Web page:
Even if you’re not into adult-alternative roots/jam-rock, you have to respect bands like Carbon Leaf. Though the genre experienced a renaissance in the ’90s with the rise of names like Blues Traveler and DMB, it remains perhaps the most “blue-collar” domain of popular music. Blue-collar not necessarily in terms of the genre’s audience, but in terms of the work-ethic of the bands that occupy it. At Carbon Leaf‘s stop tonight at the High Watt, the Richmond, Virginia natives will be drawing on material from 15 albums (the last five of which were independently recorded and released), will be showcasing their prowess on the tin-whistle, bouzouki, bodhran, uilleann bagpipes, mandolin and fiddle (in addition, of course, to the guitar, drums, and bass), and will be coming off of 22 prior performances in October alone. So, ask yourself, 1: What have I done today? and 2: Who deserves my $10 more than Carbon Leaf?
Carbon Leaf is currently showcasing material from their previous two albums, Ghost Dragon Attacks Castle and Constellation Prize, so rather than fecklessly try to cover the whole of their spectacular discography, I’m going to focus on these two (also spectacular) releases
The whole of Carbon Leaf‘s repertoire can be described as “Celtic-tinged”, but Ghost Dragon Attacks Castle sees the band attempting to join the ranks of other modern Celtic/Irish-folk revivalist groups. Though they can’t lay claim to the same level of technical prowess or “legit-ness” (by which I mean thorough immersion in the musical tradition) as groups like Gaelic Storm, their contribution is more than passable. In fact, Ghost Dragon Attacks might be the most enjoyable album in their whole catalog, though I have to preface that verdict by admitting my huge soft spot for Celtic music (honestly – what doesn’t sound better with some tin whistle or uilleann pipes). You’d best be on guard against the album’s generous supply of drinking references and characteristic Celtic lilt, lest you unexpectedly find yourself busting out a jig, housing Irish whiskey, or at the very least, wearing a goofy grin from ear to ear. Check out, “The Road is Breaking My Heart,” an epic, wonderfully l0-fi dirge that is unquestionably my favorite of the litter.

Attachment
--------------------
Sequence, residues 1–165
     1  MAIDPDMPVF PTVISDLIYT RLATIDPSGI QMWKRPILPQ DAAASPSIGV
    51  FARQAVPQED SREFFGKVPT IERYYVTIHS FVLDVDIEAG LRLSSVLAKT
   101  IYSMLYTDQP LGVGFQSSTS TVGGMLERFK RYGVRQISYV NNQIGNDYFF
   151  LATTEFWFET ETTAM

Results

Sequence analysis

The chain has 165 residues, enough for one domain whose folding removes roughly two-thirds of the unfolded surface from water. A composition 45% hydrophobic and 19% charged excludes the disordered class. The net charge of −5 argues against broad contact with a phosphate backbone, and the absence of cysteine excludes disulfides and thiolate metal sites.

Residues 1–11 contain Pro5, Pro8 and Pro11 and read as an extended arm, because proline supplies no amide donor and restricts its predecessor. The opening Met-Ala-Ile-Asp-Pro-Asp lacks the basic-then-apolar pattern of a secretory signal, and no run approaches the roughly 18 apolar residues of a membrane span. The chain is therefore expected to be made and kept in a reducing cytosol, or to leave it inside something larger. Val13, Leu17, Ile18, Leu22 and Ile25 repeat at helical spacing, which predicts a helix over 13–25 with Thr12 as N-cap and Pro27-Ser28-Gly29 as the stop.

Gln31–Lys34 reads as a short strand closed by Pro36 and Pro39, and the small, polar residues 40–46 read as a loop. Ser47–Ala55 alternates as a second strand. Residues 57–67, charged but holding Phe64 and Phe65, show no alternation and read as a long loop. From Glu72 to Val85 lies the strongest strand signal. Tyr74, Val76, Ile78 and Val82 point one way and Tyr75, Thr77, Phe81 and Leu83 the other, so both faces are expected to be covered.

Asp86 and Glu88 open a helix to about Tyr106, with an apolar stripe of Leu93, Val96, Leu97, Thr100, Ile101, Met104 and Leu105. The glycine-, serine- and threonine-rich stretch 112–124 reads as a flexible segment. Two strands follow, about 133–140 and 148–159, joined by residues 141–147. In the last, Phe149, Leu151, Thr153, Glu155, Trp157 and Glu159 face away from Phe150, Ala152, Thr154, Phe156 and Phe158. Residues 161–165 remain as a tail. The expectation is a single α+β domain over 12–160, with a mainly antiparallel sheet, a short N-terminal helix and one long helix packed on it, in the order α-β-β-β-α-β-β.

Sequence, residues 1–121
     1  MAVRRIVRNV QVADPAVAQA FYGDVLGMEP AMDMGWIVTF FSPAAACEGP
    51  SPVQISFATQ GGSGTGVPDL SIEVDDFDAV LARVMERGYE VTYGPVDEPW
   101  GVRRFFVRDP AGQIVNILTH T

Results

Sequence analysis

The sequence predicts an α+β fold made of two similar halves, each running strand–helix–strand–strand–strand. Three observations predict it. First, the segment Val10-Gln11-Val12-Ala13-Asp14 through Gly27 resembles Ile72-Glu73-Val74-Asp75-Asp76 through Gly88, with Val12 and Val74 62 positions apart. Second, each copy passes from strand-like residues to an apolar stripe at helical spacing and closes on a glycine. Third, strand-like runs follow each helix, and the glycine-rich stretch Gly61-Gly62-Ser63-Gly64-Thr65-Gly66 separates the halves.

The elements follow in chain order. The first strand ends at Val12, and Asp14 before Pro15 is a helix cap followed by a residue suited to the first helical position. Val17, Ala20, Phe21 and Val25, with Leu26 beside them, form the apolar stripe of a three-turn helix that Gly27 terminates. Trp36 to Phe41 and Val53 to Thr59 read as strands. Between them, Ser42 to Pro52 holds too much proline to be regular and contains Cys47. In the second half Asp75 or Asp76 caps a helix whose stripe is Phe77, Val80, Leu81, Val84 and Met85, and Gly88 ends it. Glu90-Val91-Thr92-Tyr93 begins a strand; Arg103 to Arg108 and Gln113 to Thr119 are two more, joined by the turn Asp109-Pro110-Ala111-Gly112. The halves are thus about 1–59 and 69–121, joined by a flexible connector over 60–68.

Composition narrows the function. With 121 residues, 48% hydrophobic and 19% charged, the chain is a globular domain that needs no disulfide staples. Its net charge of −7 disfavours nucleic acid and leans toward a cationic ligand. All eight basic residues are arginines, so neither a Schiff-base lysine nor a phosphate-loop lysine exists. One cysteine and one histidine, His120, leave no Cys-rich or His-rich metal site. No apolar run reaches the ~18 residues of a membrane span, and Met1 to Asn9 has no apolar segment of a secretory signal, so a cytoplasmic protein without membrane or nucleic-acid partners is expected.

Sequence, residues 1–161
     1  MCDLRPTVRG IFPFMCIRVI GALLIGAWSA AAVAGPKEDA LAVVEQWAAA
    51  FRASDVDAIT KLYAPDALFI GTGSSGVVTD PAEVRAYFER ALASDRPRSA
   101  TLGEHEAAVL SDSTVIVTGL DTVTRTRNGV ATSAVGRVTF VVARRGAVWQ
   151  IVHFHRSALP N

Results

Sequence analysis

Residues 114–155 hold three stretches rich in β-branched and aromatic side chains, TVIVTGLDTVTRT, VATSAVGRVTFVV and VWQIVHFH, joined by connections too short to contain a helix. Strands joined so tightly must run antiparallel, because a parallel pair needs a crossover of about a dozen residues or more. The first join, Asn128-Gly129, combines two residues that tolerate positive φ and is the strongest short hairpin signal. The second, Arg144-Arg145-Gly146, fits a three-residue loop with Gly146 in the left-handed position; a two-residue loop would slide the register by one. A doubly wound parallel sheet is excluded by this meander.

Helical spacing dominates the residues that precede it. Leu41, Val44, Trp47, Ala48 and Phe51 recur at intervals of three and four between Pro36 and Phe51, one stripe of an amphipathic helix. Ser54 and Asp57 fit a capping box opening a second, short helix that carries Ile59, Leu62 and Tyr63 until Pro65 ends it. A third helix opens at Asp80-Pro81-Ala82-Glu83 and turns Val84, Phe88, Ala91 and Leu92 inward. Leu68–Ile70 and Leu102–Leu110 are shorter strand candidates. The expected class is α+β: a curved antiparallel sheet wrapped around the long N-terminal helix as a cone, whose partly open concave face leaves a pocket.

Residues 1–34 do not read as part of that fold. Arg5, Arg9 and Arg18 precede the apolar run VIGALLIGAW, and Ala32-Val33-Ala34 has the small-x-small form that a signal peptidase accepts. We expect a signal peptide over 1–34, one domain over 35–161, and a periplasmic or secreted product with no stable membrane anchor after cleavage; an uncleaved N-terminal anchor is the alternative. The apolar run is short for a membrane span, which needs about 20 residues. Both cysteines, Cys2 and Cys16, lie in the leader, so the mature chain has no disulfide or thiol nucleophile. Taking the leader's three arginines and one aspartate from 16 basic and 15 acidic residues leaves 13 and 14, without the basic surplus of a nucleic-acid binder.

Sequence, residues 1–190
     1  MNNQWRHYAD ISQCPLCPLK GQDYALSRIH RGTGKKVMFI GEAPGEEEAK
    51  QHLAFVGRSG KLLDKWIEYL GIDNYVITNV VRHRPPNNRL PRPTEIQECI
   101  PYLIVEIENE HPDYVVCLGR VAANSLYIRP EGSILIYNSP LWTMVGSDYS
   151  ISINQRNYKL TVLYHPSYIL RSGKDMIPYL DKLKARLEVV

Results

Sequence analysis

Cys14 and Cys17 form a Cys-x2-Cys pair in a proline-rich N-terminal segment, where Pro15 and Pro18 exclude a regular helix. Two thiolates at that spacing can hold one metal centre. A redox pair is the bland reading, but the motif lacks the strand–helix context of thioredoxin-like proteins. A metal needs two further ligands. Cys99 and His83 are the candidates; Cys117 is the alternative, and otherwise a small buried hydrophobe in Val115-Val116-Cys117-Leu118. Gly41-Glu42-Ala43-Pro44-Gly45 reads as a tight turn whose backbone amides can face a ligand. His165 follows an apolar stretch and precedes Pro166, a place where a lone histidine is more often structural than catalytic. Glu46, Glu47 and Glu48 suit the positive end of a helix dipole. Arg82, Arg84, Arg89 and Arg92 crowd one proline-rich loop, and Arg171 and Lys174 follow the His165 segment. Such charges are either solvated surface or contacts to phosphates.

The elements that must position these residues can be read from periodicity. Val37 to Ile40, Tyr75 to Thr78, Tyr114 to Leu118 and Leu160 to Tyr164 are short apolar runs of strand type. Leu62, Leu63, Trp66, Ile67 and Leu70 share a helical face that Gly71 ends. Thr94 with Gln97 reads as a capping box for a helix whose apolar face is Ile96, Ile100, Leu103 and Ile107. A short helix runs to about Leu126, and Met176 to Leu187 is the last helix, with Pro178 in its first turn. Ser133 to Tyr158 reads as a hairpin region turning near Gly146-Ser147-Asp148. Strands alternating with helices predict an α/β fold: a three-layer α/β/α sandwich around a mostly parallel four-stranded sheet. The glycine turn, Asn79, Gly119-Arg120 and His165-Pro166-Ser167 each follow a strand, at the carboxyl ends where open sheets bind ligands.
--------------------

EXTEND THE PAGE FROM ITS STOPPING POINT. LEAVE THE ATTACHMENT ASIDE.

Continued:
On Carbon Leaf‘s brand-new, crowd-funded baby Constellation Prize, the band sails back across the pond and lands somewhere squarely in the American folk-music heartland. The whole collection of songs is dyed-in-the-wool Americana, even if songs like “Circus” and “Love Rain Down” do sound more than a bit influenced by those ubiquitous English folk-rockers, Mumford & Sons. Then there’s “Alcatraz” and “Sparklers,” breezy alt-country anthems that could easily be mistaken for Ryan Adams tunes before the vocal drops in, and the jammy, bluegrass-y “Tombstones and Ashes” and “Wolfin Down Your Heart.” Regardless of the musical legacy they are drawing upon, the band hits the mark on every single number in the collection. Constellation Prize is the highly listenable kind of album that you’ll drop into your car’s player on a long road trip, think about taking out after four complete listens, and then think “Nah” and put it on again.
I haven’t come across Andrew Duhon before, but after a cursory examination of his Spotify catalog, I think he can be most aptly described here as “Ryan Adams with more twang,” or sometimes, “a more audible, more alt-country Ray LaMontagne.” If you’re not familiar with Ryan or Ray, just know that a comparison to either of the two is high praise. Expect a thoughtful, low-key opening set from Mr. Duhon that will probably perk the ears of the songwriters in the room.
Carbon Leaf will perform tonight at The High Watt. The show is 18+, begins at at 8 (doors at 7), and tickets are available for $10 in advance ($15 at the door).